I originally wrote this for the Netfilmmakers blog about the Real-Un-Real exhibit I am a part of this coming weekend.
I should start off by saying that I don't really consider myself a filmmaker or a machinima maker. While I use video extensively in my work to capture a "point of view" on my installations and performance in Second Life (sl), I don't set out to make a film and certainly not to tell a story. I try to use my sl art as a medium with its own language, patterns, immersiveness and state of mind. I do this with as little reference from real life (rl) as possible (of course I break my rules from time to time). By using visuals, space, motion, sound and avatar interaction, I try to create a state of mind or situation that I wouldn't experience anywhere else, let alone a rl gallery or rl art genre. sl provides this unique opportunity that it would be a waste not to experiment with as much as can be done. Now that I have explained the virtual-native quality of my work, I should explain that it has become increasingly visual and experiential, something I would have been ashamed of in the early part of my rl art career as a conceptual artist when I cared more about the idea and the verbal, frowning on more visual artists as formalists (and recently "hyperformalists" in sl.) But the medium of a virtual world can play funny tricks on an artist and I've come to wholly embrace sensory art as a worthy experiment. Now let me try to answer Stine's questions in her previous post.
Why use the filmic language in Second Life?
As I started to say, I don't see my own machinima as machinima at all. But to say my videos are mere documentations of virtual work would be wrong too. In a strange way, they are akin to the original machinima made in early video games like Quake that documented the experiences of a player moving through levels of a game. But in place of a shoot 'em up fantasy, my videos show the avatar (an extension of the person himself) moving through an art piece either as an interaction or as a performance to enhance the environment. Simple photographic images cannot capture such a complete experience. At the same time, I was once accused by a fairly hardcore rl and sl performance artist (of the Burning Man variety) that a video of one of my performances Seeing Dots, Being Dots was overly dramatized and enhanced by the cinematography and interestingly it was created by another video artist Evo Szuyuan who I felt had taken it to another level completely and a very good collaboration. So I believe that filmic language in sl for me can be documentation, it can be an extension of sl and it can be it's very own thing that uses sl as a canvas.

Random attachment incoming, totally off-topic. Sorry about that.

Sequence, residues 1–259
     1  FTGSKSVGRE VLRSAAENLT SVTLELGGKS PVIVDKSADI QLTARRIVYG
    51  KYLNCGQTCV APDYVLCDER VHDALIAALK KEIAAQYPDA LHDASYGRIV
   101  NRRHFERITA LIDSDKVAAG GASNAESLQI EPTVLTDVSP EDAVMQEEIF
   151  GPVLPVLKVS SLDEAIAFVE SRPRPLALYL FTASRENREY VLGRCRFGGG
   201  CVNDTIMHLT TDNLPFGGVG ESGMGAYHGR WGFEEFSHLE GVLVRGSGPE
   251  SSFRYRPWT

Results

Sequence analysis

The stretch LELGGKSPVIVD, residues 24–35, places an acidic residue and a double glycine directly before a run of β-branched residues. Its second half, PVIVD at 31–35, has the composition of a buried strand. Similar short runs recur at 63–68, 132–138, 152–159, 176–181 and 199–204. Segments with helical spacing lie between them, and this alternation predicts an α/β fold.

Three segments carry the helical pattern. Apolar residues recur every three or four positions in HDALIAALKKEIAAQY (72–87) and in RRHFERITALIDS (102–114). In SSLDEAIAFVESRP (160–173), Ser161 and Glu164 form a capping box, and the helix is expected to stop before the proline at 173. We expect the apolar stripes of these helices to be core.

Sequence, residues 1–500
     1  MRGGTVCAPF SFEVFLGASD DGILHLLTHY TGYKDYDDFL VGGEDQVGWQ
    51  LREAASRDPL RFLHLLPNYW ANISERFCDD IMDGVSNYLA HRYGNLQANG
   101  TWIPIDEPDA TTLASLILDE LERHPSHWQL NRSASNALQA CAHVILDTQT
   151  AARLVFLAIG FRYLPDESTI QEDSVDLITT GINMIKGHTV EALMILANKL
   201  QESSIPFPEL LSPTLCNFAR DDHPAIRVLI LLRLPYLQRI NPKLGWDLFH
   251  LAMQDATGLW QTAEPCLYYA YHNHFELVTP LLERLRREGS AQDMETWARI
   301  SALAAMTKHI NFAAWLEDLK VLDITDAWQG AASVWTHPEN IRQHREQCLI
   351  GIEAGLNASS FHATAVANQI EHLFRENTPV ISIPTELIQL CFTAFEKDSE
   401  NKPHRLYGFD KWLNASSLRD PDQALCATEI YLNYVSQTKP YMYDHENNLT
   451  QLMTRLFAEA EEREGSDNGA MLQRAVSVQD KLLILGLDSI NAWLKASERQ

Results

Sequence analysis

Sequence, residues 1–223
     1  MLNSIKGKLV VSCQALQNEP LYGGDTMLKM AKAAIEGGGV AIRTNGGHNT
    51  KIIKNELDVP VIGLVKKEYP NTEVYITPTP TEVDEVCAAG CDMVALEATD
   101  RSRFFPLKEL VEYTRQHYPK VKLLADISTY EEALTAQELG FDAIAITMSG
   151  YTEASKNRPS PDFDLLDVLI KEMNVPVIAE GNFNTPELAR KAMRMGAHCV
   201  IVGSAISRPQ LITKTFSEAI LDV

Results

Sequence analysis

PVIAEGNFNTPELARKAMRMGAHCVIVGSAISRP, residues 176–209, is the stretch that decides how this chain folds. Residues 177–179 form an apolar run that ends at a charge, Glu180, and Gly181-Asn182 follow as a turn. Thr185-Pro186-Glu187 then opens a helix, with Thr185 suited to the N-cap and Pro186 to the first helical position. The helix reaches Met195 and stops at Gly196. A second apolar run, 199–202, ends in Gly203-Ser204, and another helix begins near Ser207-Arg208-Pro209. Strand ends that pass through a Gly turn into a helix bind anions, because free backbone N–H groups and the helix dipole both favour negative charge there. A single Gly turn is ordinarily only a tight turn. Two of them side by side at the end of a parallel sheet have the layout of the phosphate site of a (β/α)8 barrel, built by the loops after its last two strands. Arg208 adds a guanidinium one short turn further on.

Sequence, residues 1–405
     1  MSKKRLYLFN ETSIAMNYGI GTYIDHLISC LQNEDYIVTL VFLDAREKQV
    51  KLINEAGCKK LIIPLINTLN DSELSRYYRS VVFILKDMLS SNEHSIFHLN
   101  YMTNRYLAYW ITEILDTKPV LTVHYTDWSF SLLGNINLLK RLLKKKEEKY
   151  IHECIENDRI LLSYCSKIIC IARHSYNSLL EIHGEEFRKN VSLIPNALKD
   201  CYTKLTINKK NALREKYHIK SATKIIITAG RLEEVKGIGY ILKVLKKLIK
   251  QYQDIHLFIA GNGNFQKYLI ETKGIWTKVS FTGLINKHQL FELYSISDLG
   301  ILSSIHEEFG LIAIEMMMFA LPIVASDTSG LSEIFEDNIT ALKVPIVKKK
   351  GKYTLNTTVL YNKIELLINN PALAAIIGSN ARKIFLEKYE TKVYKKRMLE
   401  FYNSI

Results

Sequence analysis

Does Second Life provide less restrictions compared to the making of machinima in other 3D online-enviroments?
Probably the main way that sl reduces restrictions is the fact that the sl artist can create and extend the environment itself to not resemble a 3D rendered reality of real life at all nor the game itself. Possibly even more important is that sl has the critical mass of all the artist community working together, collaborating and even competing with one another. This can be clearly seen at the Brooklyn is Watching sim, a cross reality sl and rl gallery that has attracted some interesting collaborations in the past few years. If anything the openendedness or the lack of restrictions is what sl has going for it the most. Depending on what culture you're from, a lack of structure can actually present a challenge.
Is the making of “Machinima” another way of playing with identities and virtual relations?